We laid beloved kitty Wanda to rest two days ago, on Thursday, November 4, 2010, after her short period of collapse — after a long and warm life of nearly 20 years.

Wanda had been my constant companion for over 17 years in 6 of my various 8 San Francisco homes. I can’t imagine living in a home anywhere without her presence, and I still hear her on the stairs and across the floor, see her sleeping in every soft place, and feel her fluffy purring as I lie and try to rest in my new quiet Wandalessness.

When I moved to Landers Street in 1993, I was separating from a relationship of five years. It was a painful and confusing time, and I found my new solo apartment thunderously silent. I went to the SF Animal Shelter and I saw her. Wanda was a young fluffy thing at 1-1/2 years old and had been abandoned by some soulless creature who never had any idea what they were going to miss over the next 17 years. She looked straight at me with her huge yellow eyes, held my gaze, and said “take me home.”

When I took her home she immediately burrowed into the mirrored cabinet corner as if she was seeking her litter. Within a few days she emerged, and began watching over me while I slept, poking my eyes and mouth and nose gently as if to see if this dream was real. After that, I could feel that she never let me out of her radar as long as I was in the house.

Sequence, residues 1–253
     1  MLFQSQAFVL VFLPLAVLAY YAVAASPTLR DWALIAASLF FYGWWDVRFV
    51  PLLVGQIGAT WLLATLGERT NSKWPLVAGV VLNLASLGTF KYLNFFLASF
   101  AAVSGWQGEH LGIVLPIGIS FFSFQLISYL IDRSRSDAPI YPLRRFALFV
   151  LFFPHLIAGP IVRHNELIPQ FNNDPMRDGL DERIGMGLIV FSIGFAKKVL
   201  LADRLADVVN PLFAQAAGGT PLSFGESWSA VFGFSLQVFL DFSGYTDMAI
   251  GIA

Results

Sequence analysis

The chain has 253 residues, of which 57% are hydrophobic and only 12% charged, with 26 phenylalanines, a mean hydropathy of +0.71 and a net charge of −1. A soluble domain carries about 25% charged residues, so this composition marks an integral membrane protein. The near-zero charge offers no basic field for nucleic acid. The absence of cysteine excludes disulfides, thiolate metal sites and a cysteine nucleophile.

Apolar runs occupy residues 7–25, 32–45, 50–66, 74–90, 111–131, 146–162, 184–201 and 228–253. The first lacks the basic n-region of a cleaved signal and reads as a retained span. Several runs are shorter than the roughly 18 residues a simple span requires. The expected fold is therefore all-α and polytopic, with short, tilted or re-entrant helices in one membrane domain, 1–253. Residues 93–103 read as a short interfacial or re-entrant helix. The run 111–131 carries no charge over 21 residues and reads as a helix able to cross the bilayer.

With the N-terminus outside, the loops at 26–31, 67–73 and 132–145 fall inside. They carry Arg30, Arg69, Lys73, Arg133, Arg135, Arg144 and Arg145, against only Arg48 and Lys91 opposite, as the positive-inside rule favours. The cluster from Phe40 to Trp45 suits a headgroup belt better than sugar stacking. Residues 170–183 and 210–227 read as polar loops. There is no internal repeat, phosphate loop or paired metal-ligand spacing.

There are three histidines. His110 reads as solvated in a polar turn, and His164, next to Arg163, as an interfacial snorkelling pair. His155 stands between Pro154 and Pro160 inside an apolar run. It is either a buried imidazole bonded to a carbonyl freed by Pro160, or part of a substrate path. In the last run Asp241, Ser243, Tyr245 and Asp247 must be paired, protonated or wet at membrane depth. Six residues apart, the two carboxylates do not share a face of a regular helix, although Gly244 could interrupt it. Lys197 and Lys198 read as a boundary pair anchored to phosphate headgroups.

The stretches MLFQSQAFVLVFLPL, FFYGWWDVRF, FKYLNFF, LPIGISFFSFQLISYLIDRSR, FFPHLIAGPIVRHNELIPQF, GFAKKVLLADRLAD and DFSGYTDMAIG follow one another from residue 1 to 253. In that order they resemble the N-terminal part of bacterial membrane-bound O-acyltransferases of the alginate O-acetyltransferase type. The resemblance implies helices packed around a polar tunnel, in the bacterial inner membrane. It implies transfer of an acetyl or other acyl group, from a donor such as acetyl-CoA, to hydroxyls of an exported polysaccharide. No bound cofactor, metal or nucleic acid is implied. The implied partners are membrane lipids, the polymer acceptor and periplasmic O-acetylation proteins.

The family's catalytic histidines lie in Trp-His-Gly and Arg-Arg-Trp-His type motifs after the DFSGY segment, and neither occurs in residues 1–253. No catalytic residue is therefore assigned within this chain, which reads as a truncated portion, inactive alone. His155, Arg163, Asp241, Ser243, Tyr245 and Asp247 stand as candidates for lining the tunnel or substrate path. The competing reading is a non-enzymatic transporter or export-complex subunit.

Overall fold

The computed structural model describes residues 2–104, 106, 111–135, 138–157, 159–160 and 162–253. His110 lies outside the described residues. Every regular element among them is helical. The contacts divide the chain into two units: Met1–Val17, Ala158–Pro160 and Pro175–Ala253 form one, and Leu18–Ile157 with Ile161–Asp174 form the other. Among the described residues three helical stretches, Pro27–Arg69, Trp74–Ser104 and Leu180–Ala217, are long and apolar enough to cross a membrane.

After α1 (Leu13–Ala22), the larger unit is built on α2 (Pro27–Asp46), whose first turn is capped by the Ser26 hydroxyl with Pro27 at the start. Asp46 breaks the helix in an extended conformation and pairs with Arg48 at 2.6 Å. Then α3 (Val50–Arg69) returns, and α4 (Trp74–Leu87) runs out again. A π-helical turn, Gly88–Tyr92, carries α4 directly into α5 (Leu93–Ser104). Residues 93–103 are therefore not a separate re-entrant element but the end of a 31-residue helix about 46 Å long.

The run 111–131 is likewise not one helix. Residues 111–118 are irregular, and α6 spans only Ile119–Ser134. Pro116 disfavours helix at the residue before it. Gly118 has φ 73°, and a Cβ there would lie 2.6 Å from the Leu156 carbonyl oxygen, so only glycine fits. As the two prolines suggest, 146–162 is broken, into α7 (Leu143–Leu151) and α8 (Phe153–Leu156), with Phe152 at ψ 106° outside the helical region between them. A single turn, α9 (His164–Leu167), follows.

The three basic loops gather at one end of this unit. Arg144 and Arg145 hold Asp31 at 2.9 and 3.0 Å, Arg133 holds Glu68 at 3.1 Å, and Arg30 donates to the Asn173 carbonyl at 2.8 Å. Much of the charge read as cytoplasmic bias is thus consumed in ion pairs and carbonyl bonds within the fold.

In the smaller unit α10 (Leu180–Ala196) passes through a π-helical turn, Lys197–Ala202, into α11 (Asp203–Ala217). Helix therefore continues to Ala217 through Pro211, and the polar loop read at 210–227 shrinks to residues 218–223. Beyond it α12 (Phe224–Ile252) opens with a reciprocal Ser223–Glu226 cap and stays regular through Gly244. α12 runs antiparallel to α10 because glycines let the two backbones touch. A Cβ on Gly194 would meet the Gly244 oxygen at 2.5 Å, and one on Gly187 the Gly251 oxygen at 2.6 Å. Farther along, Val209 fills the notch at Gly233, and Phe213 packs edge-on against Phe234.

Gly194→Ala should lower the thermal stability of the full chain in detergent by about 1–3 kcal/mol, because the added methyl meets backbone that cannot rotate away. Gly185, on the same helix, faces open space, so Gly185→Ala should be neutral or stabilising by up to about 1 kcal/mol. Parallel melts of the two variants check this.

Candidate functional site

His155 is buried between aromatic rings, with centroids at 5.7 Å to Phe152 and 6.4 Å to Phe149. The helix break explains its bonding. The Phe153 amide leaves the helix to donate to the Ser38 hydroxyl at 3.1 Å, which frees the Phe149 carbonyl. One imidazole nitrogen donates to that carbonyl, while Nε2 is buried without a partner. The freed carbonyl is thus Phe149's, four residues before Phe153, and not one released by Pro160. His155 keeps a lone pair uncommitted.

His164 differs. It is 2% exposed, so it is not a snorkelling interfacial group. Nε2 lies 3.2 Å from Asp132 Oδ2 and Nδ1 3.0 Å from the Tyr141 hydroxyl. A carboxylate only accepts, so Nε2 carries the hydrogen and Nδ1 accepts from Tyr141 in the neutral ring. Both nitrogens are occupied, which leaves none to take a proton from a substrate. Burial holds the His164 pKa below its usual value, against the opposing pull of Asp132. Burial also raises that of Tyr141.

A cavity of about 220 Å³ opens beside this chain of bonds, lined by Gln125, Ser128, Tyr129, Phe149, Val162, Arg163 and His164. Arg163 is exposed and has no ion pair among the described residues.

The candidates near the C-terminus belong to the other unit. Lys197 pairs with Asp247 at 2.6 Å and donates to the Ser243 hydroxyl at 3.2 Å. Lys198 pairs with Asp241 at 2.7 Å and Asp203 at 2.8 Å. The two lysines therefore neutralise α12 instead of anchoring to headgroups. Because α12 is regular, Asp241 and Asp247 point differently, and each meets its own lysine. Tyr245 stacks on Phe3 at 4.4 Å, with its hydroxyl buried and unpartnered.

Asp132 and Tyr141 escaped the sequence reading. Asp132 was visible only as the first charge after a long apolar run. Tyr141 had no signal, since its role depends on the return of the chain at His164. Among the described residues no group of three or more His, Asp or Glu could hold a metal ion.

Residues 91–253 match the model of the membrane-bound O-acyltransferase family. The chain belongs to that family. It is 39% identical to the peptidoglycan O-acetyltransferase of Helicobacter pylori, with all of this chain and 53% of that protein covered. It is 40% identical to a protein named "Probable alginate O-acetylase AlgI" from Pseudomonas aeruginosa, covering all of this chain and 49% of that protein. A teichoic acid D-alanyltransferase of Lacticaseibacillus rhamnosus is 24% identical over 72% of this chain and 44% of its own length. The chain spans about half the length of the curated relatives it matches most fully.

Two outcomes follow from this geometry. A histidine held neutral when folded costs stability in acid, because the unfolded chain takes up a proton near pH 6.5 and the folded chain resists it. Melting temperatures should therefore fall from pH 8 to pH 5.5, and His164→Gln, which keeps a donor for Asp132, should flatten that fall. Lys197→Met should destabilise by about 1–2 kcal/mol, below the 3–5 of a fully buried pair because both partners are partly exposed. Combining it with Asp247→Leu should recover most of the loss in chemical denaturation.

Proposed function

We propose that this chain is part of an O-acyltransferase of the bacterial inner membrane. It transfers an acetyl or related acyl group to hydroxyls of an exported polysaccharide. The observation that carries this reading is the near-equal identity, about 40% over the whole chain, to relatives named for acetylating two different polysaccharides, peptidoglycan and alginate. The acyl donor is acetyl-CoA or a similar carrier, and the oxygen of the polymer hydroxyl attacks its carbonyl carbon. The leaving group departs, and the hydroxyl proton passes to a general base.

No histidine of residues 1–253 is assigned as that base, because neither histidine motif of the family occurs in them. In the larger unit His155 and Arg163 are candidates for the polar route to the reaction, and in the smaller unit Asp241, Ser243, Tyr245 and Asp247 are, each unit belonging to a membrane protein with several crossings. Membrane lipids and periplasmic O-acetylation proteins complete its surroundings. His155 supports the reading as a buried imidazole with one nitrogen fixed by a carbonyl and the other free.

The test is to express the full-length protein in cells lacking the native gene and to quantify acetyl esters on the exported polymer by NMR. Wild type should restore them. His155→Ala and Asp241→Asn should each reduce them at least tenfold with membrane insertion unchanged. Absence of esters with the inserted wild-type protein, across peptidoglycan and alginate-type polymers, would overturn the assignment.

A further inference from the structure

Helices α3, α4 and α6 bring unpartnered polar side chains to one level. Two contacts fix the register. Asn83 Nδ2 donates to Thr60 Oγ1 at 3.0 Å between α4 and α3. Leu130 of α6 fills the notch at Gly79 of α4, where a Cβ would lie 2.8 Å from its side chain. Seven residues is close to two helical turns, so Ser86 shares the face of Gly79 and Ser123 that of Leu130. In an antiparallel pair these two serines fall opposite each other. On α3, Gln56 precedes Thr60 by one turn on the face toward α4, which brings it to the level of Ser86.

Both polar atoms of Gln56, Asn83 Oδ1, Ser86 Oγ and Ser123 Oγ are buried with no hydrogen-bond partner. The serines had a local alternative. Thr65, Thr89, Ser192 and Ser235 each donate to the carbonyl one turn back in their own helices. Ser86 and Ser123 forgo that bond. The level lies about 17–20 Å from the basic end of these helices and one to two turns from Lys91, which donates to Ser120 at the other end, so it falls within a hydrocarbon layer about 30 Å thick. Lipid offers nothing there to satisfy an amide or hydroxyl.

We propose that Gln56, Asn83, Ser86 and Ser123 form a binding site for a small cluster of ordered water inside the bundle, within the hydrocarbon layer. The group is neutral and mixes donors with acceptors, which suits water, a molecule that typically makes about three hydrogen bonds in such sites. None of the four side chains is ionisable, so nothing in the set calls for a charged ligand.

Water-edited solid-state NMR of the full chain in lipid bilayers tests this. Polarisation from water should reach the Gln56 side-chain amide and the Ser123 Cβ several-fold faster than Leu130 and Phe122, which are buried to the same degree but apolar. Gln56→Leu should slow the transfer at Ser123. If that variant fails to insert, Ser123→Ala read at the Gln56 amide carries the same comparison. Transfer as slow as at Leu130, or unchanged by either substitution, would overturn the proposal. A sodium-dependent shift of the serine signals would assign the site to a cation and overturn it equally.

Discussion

wanda and moya on xmas eve

wanda and moya on xmas eve

We moved quickly to a warmer tiny studio apartment on Lloyd Street, which was the home of many legends in our lives. She loved the warm perch with a sunny view, and in the studio she could always be near me. When I was not home, she retreated to a lump under my bed covers, which is the way most of my friends got to know her at first. When I approached home from way down the block, in a car or on foot, she would immediately rouse and hop out onto the fire escape to greet me. I will never cease to be amazed at how she always leapt out for me no matter what time of day or night I approached. When I came through the door, she always greeted me loudly with the Wanda(tm) yowl of cranky-sounding delight.

spike and wanda

spike and wanda